Step 3. Risk assessment

Risk assessment is a process of identifying possible types of risk and assessing the conditions for their occurrence and determining the impact on the business. There are two types of risk assessment: qualitative and quantitative.

Most risks are not quantifiable and are only measured in terms of quality. As an example, let's take the risk of climate change, which is a threat to many businesses. Thus, a qualitative assessment includes analysing the features of the manifestation and influence of possible risks from the specialists' point of view.

In turn, quantitative risk assessment is the numerical determination of the size of individual threats. Quantitative analysis is more accurate but is used mainly for complex projects. Most often, experts use quantitative assessments to analyse the risks associated with funds, since mainly figures appear here - be it profits, interest rates, performance indicators, etc. Quantitative risk assessments are much easier to automate. They are also considered more objective than qualitative assessments.

Furthermore, it is essential to understand that a qualitative assessment frequently accompanies a quantitative one. You can use them individually or together, depending on the available time, budget and business characteristics.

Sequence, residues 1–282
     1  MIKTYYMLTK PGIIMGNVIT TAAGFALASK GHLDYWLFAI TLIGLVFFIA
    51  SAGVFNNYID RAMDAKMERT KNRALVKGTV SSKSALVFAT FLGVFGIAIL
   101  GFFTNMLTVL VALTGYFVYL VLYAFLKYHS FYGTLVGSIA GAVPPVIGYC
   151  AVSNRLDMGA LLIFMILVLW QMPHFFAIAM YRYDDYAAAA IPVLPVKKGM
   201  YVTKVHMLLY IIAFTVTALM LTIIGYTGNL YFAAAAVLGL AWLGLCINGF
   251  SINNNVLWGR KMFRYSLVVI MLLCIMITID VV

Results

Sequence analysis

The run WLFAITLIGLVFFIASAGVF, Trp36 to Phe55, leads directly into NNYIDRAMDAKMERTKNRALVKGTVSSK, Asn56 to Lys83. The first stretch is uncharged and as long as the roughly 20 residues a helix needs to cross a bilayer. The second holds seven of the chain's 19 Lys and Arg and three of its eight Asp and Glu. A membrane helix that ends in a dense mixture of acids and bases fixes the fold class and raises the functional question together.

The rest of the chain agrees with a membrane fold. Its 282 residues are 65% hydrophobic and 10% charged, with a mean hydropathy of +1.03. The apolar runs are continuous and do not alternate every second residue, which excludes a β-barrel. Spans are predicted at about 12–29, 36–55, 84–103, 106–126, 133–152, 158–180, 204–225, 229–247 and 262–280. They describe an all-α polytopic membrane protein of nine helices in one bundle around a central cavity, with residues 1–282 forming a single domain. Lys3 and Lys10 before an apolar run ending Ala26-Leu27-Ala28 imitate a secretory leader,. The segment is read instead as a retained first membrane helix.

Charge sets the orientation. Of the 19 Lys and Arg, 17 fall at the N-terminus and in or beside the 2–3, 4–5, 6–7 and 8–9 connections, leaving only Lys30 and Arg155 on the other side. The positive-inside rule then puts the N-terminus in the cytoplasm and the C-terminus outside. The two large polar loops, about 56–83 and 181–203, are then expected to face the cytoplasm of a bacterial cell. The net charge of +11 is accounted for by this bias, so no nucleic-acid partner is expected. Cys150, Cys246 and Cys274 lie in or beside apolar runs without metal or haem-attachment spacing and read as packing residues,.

Step 4. Risk mitigation and security

After passing all the steps - identifying risks, analysing and evaluating them - it's time to act! Each risk must be eliminated or minimised to the extent possible. That is, at this stage, you implement specific solutions, plan and carry out activities, and use them to eliminate possible losses.

Start with the most dangerous risks. For clarity, you should draw up a plan to eliminate or mitigate the consequences of the risk, which should describe in detail all the steps necessary to reduce the risk. To do this, you can contact experts in the field which the risk relates to.

There are several basic risk management strategies in business:

  • Full exclusion

This strategy involves an absolute rejection of dangerous actions to reduce the likelihood of losses to zero. It is most advisable to use such a strategy if the risk has a potentially large impact on the entire business, for example, it can bankrupt or destroy it. However, in this case, it is essential to correctly identify possible threats because some risks may well justify themselves and even contribute to increasing the company's profits.

  • Prevention & control

In this case, you need to exclude accidental risks and minimise the possible loss if the threat suddenly strikes. For example, to prevent data leakage, a company needs to install appropriate software and ensure cybersecurity.

  • Insurance